At What Point Does A 'Firework' Constitute A Bomb?
Over the weekend, a Guinness World Record for largest aerial firework shell was launched and detonated in Steamboat Springs, Colorado. Behold.
We don't want to bore you, but the tech specs on this thing are nuts. This thing was about 5'2" tall and weighed in at a record-breaking 2,797 pounds -- much of which is from the 60 miles of tape wrapping the thing. It was shot out of a tube buried 26 feet into the side of a mountain at around 300 miles an hour, which got this "firework" about half a mile into the air before actually detonating. To provide some context, "Little Boy," the atomic bomb dropped on Hiroshima, weighed in at 9,700 pounds, and the general purpose bombs regularly deployed in WWII raids weighed 2000 lbs or less. A 300 mph launch would beat the takeoff speed of a 747 jet by at least 100 mph.
What's absolutely crazy is that this has been in development for seven years. They were supposed to break the record last year, but the firework went off inside the tube before it could count for anything. That's a whole lot of time and dedication to any record, honestly.
So let's look at this objectively for a second. Fireworks, in general, are meant to explode away from people or property. That's why you go to Cousin Artie's farm for your July 4th party and then don't see him again until Christmas. This record-breaker had to be a good half-mile up in the air before it actually went off. Why? Because explosions hurt, man. Those bomb and jet comparisons up there aren't for nothing. If something had gone wrong, the sleepy little resort town of Steamboat Springs could've been down a couple of chair lifts, or worse.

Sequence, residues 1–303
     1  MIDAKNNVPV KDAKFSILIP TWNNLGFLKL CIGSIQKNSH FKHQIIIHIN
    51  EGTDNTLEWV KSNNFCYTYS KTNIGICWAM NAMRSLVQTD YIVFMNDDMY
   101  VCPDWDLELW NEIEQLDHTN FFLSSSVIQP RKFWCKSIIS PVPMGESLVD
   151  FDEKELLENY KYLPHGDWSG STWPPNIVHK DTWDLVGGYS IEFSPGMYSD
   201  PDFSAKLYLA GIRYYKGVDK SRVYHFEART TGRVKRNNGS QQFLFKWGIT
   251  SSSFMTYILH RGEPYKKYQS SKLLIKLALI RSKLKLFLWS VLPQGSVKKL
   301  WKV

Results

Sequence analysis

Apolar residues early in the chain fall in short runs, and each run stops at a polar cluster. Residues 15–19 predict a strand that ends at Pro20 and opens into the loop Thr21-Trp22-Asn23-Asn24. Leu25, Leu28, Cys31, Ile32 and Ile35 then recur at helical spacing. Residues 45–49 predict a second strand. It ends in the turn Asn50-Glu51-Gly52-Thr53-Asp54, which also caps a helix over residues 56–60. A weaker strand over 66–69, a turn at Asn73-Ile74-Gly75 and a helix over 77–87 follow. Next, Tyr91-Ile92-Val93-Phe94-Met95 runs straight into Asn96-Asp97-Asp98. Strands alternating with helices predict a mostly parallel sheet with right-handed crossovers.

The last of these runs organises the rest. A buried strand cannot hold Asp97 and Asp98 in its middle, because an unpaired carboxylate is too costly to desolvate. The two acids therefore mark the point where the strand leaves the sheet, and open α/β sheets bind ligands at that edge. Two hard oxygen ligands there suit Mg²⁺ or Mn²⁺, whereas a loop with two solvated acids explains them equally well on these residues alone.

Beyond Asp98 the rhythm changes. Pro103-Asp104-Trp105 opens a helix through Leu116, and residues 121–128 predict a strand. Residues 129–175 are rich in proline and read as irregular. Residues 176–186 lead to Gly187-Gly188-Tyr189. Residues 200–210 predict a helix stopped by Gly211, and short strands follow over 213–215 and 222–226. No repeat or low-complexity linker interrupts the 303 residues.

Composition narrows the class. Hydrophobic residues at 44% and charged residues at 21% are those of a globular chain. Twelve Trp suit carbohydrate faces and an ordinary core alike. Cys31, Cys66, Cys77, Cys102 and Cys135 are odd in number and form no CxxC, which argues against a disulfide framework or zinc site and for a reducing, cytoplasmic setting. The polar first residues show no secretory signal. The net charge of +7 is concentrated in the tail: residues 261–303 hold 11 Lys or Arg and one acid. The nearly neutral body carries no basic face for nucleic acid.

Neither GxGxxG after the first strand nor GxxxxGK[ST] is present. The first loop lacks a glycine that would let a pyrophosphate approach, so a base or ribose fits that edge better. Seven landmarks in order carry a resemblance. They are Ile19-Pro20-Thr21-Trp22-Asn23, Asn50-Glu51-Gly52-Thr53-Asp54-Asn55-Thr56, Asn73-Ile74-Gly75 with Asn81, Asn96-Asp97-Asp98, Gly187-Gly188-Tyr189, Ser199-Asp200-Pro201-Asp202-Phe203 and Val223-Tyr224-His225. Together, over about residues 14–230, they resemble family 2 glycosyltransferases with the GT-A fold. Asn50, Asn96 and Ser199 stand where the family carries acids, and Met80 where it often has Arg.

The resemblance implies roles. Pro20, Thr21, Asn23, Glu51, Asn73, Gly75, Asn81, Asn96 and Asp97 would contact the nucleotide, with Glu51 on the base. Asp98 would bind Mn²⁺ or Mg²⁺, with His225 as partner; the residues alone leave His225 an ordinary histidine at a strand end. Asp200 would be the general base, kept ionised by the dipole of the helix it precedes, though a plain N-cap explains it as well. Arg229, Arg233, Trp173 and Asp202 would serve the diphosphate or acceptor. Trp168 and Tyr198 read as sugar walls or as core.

This was super cool to see video clips of, but we've gotta ask ourselves -- functionally, what's the difference between a record-breaking firework and a bomb? It's awesome that professionals are getting into this type of thing, but you have to worry about the Cousin Artie copycat types. I'm probably getting myself on some kind of watch list right now just writing about this. If this record attempt was happening in, say, Jacksonville, the FBI would probably be down there having a say in things. Although, you gotta admit, you wanna see how Floridians would tackle a project like this.